Earlier this month, the Mammoth Community Water District was served with papers by the Los Angeles Department of Water and Power in the Mono County Superior Court. The action was triggered by the recent finalization and approval of MCWD’s Environmental Impact Report (EIR) and subsequent project titled “Mammoth Creek Fishery Bypass Flow Requirements.”
“The judge in this case will not address the validity of water rights,” explained general counsel for MCWD Steve Kronick regarding some of the misconceptions surrounding the suit. “The lawsuit is to determine the adequacy of our EIR.”
MCWD had been working on collecting data for this EIR and project for nearly 15 years at the request of Caltrout and the Department of Fish and Game. The end goal of all of the study was to determine whether or not the flows that MCWD was using on Mammoth Creek were at the most beneficial levels for the fish living in that habitat.
However, according to a Jan. 5 press release from LADWP, “The LADWP legal challenge is based upon temporary Mammoth Creek water rights permits that were granted to the MCWD by the State Water Resources Control Board (SWRCB), but are subordinate to the water rights held by the City of Los Angeles.” The agency believes that the EIR is fundamentally flawed because it excludes water rights issues.
“They believe we should have evaluated the project on their water rights,” Kronick added. However, according to Kronick, the California Environmental Quality Act (CEQA), which provides the guidelines for the EIR process, does not require looking at legal water rights in an EIR, just effects of the project on the environment.
So the lawsuit comes down to a question and interpretation of CEQA law, but an argument over water rights seems to be an underlying issue when reading the LADWP press release. The actual bypass flow requirements project will not decrease the flow in Mammoth Creek, according to Kronick.
LADWP claimed in its press release that MCWD’s water rights on Mammoth Creek are “temporary.” In its comments on the EIR, LADWP also stated “because the SWRCB has no jurisdiction over pre-1914 appropriated water rights, they had no right to award the District its two post-1914 licenses in 1947, 1957 and the permit in 1978. The SWRCB may have given away a portion of the City’s water rights.”
LADWP believes, according to its press release, that “Los Angeles has senior water rights to Mammoth Creek flows based upon the City’s 1905 Owens River water rights filing.”
MCWD, however, points to the Water Commission Act, which became effective in 1914. MCWD claims that act gave SWRCB jurisdiction over appropriative water rights, which means that the licenses and the permit that it has awarded MCWD are valid.
According to MCWD’s response to LADWP’s comments on the EIR, the only way to fully determine water rights on the creek would be to go through an adjudication process, which would have to involve all the claimants on the creek.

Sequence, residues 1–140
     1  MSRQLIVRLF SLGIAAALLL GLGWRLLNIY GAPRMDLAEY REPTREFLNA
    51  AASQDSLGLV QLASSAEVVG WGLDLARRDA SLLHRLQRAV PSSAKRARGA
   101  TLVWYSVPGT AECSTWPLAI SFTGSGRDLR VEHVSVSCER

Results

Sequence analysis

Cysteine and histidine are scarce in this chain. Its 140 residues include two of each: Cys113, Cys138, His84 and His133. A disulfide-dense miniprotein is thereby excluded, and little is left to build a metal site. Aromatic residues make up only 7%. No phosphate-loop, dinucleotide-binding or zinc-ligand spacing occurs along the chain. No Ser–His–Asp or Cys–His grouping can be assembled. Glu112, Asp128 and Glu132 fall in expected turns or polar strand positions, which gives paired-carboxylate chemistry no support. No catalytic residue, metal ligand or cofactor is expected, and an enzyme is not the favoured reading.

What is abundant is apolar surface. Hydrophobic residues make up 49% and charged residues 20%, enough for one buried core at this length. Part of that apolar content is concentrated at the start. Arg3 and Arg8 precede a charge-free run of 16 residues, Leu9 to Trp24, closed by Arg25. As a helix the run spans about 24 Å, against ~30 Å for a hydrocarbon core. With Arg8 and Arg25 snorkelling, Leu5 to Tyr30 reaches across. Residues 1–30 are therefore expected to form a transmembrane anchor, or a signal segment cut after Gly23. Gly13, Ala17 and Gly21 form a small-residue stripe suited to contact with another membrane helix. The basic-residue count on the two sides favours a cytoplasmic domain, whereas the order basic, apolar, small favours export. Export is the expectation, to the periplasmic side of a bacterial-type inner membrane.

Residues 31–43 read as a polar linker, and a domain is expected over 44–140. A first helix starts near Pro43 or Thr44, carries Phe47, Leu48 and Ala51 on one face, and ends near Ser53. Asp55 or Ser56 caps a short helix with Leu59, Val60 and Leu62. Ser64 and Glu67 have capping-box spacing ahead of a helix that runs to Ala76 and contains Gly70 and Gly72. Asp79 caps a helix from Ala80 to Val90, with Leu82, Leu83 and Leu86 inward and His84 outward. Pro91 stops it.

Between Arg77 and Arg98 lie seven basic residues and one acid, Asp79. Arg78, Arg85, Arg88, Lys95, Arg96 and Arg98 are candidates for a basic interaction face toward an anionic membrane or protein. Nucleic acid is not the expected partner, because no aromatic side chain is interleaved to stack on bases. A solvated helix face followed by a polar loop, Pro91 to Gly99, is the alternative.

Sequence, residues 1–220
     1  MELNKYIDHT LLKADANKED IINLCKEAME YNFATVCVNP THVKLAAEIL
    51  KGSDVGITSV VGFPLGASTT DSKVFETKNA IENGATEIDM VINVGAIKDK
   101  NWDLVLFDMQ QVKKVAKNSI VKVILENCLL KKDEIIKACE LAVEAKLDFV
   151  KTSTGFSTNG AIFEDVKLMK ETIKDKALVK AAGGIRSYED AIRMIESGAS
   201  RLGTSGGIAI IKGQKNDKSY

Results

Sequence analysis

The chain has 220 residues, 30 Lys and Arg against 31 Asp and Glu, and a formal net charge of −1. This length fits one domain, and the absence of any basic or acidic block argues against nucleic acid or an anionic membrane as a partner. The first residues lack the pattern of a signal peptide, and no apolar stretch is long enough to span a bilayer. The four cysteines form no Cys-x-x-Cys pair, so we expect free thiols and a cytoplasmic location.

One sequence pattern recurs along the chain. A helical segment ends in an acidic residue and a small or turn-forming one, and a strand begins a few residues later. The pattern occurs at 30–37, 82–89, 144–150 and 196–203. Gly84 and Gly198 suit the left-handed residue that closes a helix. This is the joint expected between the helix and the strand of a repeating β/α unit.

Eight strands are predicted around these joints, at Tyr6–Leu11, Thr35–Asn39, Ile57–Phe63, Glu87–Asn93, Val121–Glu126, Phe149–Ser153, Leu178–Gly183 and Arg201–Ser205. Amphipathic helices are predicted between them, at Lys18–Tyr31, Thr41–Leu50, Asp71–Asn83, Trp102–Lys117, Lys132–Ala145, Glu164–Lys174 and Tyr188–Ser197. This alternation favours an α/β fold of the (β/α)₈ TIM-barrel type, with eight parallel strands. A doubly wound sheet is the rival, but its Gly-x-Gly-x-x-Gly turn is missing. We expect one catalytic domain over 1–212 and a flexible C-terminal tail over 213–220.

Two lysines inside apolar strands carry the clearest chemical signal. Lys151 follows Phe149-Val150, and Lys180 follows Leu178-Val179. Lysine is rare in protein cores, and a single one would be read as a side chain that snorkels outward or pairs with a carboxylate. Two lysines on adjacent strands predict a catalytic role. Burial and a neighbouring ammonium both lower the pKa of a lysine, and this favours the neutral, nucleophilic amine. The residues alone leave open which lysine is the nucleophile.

“This proceeding, to determine the long-term fishery bypass flow requirements for Mammoth Creek, should not be turned into such an adjudication,” MCWD’s response to comments stated.
“DWP has a claim of rights, but it’s not adjudicated,” Kronick further explained.
MCWD General Manager Greg Norby wasn’t surprised by the legal action taken earlier this month.
“We had indications last November but we weren’t sure where it was headed,” Norby explained. MCWD has been trying to communicate with LADWP on its concerns, but “they are difficult to contact, let’s just leave it at that,” Norby said.
The District even went so far as to break up the approval process of the EIR and the project to allow more time to work with LADWP.
“Usually you certify the EIR and approve the project at the same time,” Norby explained. “We separated the two in order to be able to have these conversations.”
The EIR was certified in May 2011, but the District held off on approving the project for about six months. When it realized, however, that it wasn’t making progress with LADWP, it went ahead and approved the project on Dec. 2, 2011.
With the project’s approval comes a Notice of Determination that triggers a deadline to file litigation.
“You only have 30 days to file once the Notice of Determination is made or you can’t file,” Kronick said. Which explains the timing of LADWP’s suit as well as the tolling agreement that the agency is now requesting.
The tolling agreement suspends litigation in order to allow time for settlement discussions.
According to Kronick, the two parties are required to hold a settlement conference within 45 days of the filing of a suit. In this case, that means 45 days from when the District was served on Jan. 9, Kronick said.
“It looks like we are going to hold this conference on Feb. 21,” Kronick said. “The District would be interested in a tolling agreement if we see progress made at this meeting. We want to find a resolution outside of court.”
In terms of the water rights, Norby explained that LADWP’s claim in its press release that the EIR “depends upon drafting water from Mammoth Creek to meet the town’s future growth,” is simply inaccurate.
“The Mammoth Creek supply is needed now, not for future supply,” Norby said.
If the District were to lose the current lawsuit, the consequences would be that it would have to spend money to redo portions of the EIR and perhaps reimburse LADWP for legal fees, according to Kronick.
If the District were to win, the last step for the EIR and project process would be for the state to amend the District’s permit and licenses with the new flow requirements.